How To Stay Happy

The real power of traveling to far away lands is that doing so teaches you an immense amount about yourself. You go far away from everything you know and end up learning about that which you thought you knew best, yourself.

During my adventures I have met many thousands of people. Despite speaking different languages, generally different genetics, and having completely different upbringings, every person that I have met has fallen into one of two important classifications. They either consider themselves happy or they don’t.

The importance is in their opinion, not mine. It is their happiness, not mine.

It is common knowledge that the aspect that separates the happy from the unhappy isn’t situational or economic. Many famous and rich people consider themselves happy. Likewise, many unknown and poor people consider themselves happy. Paradoxically, the opposite can be true for similar people who are in the same situation. Anyone can be happy or unhappy, external factors are not the sole determining factor.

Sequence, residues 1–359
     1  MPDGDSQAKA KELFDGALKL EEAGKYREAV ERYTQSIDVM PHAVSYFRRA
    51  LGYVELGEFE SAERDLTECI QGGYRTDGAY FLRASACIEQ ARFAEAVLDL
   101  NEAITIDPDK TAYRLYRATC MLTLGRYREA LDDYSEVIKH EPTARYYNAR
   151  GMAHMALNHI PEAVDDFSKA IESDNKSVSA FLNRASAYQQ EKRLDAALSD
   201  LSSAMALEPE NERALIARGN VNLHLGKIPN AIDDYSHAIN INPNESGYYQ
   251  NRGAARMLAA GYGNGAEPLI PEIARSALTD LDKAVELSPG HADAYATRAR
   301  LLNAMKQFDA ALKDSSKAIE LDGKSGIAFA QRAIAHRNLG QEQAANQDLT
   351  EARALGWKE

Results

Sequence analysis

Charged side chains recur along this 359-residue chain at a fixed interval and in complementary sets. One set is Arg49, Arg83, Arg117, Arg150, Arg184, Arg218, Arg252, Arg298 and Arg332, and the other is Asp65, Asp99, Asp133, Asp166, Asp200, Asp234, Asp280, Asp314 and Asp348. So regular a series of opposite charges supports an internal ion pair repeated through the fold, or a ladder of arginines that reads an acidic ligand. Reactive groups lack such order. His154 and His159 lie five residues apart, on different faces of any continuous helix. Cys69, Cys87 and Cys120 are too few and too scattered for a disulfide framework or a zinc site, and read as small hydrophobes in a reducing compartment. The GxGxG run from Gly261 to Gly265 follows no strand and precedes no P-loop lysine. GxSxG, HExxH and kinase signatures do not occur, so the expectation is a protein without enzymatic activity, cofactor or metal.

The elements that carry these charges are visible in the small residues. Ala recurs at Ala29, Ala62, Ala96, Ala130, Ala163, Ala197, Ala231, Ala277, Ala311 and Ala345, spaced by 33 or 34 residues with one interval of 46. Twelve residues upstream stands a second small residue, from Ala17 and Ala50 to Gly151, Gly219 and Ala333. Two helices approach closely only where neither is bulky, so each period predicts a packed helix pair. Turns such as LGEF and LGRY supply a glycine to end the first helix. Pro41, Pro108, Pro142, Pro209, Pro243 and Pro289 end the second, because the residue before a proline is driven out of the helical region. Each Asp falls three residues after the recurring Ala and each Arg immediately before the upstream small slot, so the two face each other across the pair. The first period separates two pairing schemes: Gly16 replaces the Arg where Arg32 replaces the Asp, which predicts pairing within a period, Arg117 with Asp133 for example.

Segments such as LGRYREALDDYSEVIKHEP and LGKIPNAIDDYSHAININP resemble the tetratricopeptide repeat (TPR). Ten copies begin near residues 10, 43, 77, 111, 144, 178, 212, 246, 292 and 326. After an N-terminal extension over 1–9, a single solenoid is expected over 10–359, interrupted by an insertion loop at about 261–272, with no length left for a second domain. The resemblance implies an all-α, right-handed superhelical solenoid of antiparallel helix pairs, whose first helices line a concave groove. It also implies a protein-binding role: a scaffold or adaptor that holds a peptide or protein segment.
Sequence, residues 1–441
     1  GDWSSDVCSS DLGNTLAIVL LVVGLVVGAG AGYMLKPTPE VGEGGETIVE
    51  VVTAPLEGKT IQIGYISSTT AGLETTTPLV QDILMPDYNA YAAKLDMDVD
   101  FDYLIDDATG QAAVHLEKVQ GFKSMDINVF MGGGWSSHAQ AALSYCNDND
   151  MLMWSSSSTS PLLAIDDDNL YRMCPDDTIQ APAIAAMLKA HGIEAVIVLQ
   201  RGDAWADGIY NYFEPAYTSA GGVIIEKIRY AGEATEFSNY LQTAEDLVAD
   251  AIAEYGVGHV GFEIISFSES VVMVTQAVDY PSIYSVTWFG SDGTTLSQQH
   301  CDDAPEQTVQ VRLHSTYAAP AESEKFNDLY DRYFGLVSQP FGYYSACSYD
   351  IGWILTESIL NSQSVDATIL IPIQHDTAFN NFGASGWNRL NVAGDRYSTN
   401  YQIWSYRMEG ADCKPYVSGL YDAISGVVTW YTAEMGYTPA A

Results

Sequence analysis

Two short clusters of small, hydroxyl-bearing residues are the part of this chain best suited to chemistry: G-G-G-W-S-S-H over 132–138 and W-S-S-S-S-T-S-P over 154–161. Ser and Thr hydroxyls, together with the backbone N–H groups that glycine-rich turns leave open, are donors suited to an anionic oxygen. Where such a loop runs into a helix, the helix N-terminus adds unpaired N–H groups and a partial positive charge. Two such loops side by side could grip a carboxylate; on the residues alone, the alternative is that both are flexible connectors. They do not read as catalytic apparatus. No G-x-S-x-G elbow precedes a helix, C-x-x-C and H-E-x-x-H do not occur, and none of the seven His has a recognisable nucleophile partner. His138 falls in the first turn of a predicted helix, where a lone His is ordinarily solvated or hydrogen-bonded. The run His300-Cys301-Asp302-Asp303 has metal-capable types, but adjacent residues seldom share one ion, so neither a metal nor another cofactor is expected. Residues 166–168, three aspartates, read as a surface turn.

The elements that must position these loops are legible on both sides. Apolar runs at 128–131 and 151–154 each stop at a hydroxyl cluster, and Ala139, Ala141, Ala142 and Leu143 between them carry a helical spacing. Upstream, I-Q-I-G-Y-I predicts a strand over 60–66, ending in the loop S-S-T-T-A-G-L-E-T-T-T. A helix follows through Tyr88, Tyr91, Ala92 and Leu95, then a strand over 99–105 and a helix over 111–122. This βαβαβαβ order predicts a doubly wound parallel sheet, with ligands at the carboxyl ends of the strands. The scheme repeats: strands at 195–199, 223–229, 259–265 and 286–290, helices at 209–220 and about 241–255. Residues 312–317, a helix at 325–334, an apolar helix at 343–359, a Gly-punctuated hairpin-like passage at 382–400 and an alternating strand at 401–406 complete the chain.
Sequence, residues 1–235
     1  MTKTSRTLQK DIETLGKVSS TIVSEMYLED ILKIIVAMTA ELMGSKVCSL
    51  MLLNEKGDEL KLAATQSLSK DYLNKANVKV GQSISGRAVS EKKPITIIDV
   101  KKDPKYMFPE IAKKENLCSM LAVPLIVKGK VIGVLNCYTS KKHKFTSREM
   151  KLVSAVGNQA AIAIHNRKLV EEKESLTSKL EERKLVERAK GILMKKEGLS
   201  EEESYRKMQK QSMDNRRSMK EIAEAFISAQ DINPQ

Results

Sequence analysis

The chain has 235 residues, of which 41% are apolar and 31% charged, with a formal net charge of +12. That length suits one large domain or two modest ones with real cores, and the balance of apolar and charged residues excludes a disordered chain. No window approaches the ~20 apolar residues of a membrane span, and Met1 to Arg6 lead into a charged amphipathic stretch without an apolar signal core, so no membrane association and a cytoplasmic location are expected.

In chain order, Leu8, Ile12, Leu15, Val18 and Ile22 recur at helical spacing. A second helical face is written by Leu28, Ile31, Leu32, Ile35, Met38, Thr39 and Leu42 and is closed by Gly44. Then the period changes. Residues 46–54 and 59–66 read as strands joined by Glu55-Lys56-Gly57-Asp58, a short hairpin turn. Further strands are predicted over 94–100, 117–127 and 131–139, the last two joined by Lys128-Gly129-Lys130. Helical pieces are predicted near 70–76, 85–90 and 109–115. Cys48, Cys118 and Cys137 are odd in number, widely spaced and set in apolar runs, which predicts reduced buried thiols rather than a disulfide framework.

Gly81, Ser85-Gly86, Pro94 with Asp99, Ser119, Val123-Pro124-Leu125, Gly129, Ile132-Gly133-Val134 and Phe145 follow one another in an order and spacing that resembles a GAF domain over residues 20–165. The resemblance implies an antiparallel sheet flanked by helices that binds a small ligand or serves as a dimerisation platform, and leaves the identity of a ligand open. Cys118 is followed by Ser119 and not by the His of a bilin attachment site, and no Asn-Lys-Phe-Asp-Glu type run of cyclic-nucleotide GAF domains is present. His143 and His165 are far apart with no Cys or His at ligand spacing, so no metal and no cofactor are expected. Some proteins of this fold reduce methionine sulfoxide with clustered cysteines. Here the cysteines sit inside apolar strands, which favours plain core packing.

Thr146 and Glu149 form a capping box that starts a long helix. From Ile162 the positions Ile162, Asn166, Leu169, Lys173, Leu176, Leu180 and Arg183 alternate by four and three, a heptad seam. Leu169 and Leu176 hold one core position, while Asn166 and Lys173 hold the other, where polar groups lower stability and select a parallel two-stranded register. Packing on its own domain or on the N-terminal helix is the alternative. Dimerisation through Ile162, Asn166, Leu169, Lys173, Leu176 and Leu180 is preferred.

So what is the real difference between a happy person and an unhappy person?

The difference isn’t defined by the normal measuring sticks of life. Newspaper section titles don’t apply here. Instead, the answer is something that is not typically applied as a measurement at all.


Happiness for any length of time requires maintenance. The birthday candle gets blown out and eventually the child’s smile relinquishes its grasp. The grand slam is hit and eventually the fans drive home. The double chocolate chip cookie is eaten and eventually the taste fades.

The difficult aspect of happiness is not finding it, happiness is everywhere. Instead, the difficulty is in maintaining it.

This is something that I sometimes forget. I work incredibly hard in my life to live in very specific ways (minimalism, paleo, digital nomadism). I pursue these things because they make me happy. Once I am successfully there, the natural conclusion is to think that my work is done and I will now live happily ever after.